The cold, stormy night was all too familiar to the English. A devious plan by Spain's king, Philip II, was being formed to overthrow Queen Elizabeth I of England and rid the world of the English "heretics."1 It was a story of deception, false judgments, and poor planning. What was one king's dream turned into his country's nightmare. While the Spanish had bad leaders, the English had good ones. The Spanish had bigger, but slower ships, while the English had smaller and faster ships. The English knew the weather conditions and how to prepare for them, while the Spanish thought it would not be a problem. The English entered the battle in a calm manner, while the Spanish were overconfident. All of these factors led to Spain's undoing. In 1588, Queen Elizabeth I, of England, defeated the Armada and the Spanish hubris with good luck, favorable weather and excellent leadership. Elizabeth I was born on September 7th, 1533 to King Henry VIII and Anne Boleyn. When Elizabeth was just three years of age, her mother had lost favor with the king for not producing a male heir. Anne Bolyen was soon executed and Elizabeth was deprived of any rights to succession. Elizabeth also had two half-siblings from two of her father's many other marriages. Edward VI, son of Jane Seymour, became King of England and Ireland in 1547. Mary I, daughter of Catherine of Aragon, became Queen of England in 1553 and soon grew suspicious of her Protestant step-sister. Due to this fact, Elizabeth was placed in the Tower of London for some time, only to be pardoned when it was discovered that Queen Mary had fallen ill. Mary died unhappy with the fact that her throne was to be succeeded by a Protestant, and not by a Roman Catholic,...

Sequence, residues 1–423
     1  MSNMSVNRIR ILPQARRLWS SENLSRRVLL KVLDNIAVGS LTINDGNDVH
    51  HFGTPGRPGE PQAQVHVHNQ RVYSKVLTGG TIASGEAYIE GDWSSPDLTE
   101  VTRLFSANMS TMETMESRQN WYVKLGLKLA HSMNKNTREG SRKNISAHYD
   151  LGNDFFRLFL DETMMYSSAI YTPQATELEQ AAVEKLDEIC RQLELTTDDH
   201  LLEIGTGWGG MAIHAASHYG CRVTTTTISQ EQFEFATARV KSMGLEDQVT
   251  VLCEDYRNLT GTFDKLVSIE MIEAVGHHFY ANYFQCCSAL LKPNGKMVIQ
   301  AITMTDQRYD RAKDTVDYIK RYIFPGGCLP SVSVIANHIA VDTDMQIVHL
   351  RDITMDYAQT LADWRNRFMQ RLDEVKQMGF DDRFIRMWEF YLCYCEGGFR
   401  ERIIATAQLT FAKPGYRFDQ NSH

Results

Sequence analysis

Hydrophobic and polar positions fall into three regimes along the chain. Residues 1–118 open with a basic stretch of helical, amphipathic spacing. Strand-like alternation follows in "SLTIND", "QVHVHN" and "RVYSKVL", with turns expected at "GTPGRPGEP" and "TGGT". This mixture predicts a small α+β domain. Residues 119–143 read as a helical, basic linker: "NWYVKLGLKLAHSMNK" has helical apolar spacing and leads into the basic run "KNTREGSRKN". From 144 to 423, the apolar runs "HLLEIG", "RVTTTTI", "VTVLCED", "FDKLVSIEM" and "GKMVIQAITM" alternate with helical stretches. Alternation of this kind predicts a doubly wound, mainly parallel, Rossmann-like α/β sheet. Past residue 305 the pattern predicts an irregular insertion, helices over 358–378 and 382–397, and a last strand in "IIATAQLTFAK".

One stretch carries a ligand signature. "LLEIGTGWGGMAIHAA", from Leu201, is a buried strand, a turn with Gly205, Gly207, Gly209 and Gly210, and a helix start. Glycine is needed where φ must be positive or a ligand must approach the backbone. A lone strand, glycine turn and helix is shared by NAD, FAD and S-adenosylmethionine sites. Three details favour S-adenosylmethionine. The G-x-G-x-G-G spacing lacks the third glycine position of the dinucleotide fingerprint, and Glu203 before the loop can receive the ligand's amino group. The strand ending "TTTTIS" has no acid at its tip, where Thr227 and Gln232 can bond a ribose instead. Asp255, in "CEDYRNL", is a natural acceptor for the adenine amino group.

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...death in 1603. She did have many great achievements in her life but one in particular was that in 1588, Queen Elizabeth I ,of England, defeated the Armada and the Spanish hubris with good luck, favorable weather, and excellent leadership. 1. Howarth David, The Voyage of The Armada: The Spanish Story (New York: The Viking Press, 1981) back cover 2. Neville Williams, The Life and Times of Elizabeth 1 ( New York: Doubleday and Company, 1972) 136. 3. Vernon F. Snow, The World Book Encyclopedia A (Chicago: World Book-Childcraft International, 1982) 187. 4. Robin Chew, Elizabeth 1- Queen of England 1533-1603 ([Online] http://www2.lucidcafe.com/lucidcafe/lucidcafe/library/95sep/elizabeth.html 1995-98) 1. 5. Howarth, back cover 6. Howarth, back cover 7. William Thomas Walsh, Philip II (New York: Mcmullen Books, Inc.) 653. 8. Walsh, 653. 9. Williams, 182. 10. Howarth, 15.
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